Ecuador stops Wikileaks founder Assange’s pal from fleeing to Japan

Ecuadorean Interior Minister Maria Paula Romo delivers a press conference at Carondelet Palace in Quito on April 11, 2019. Ecuadorean police on Thursday arrested a Swedish software developer linked to Julian Assange hours after President Lenin Moreno's government withdrew the Ecuadoran citizenship granted to the WikiLeaks founder. (AFP / Cristina Vega)
Updated 12 April 2019

Ecuador stops Wikileaks founder Assange’s pal from fleeing to Japan

  • Ola Bini was arrested at Quito’s airport as he was preparing to board a flight for Japan
  • Aussie PM says the charge against Assange is a “matter for the United States” and has nothing to do with Australia

QUITO/LONDON: A senior Ecuadorian official says a Swedish software developer living in Quito and who is allegedly close to Wikileaks founder Julian Assange has been arrested as authorities attempt to dismantle a blackmail ring that in recent days had threatened to retaliate against President Lenin Moreno.
The official said Ola Bini was arrested Thursday at Quito’s airport as he was preparing to board a flight for Japan.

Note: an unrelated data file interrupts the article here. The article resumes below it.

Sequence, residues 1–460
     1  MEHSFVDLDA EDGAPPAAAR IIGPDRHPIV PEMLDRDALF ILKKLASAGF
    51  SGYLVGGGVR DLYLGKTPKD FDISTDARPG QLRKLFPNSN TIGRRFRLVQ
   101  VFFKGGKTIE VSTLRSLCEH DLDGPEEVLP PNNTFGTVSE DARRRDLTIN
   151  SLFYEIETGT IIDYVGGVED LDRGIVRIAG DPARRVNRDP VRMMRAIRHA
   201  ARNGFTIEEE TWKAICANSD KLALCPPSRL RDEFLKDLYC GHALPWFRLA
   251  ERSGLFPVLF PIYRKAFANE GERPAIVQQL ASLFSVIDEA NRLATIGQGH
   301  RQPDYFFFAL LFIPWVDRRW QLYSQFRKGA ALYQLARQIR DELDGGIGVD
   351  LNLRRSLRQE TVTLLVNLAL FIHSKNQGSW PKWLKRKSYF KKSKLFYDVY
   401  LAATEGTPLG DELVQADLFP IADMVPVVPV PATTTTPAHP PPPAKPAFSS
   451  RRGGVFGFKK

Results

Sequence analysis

The official spoke on the condition of anonymity and didn’t provide any additional details about Bini.
On a blog, a Swedish man by the same name describes himself as a software developer working in Quito for the Center for Digital Autonomy, a group based in Ecuador and Spain focused on privacy, security and cryptography issues. It makes no mention of any affiliation with Wikileaks.
On Twitter earlier Thursday, Bini called claims by the Interior Minister that Russian hackers and someone close to Wikileaks were working inside Ecuador “very worrisome” news. “This seems like a witch hunt to me,” Bini wrote.
The arrest came after British police dragged Assange out of Ecuador’s embassy when his seven-year asylum was revoked.

Aussie PM says not intervening
Meanwhile, Australia’s prime minister has ruled out intervention in a potential US extradition of Australian citizen Julian Assange on a charge of computer intrusion conspiracy.
Prime Minister Scott Morrison told Australian Broadcasting Corp. the charge is a “matter for the United States” and has nothing to do with Australia.
Morrison says Assange is receiving standard consular assistance offered to Australians in trouble in other countries.
Former Ecuadorian President Rafael Correa, on the other hand, criticized what he called a “double standard” by Western media and governments who he says have been quick to condemn Assange for publishing sensitive information about US national security interests.
Correa granted Assange asylum in 2012. In an interview with The Associated Press, he was harshly critical of his successor’s decision to expel the Wikileaks founder from Ecuador’s embassy in London.
Ecuador’s former president said that “although Julian Assange denounced war crimes, he’s only the person supplying the information.”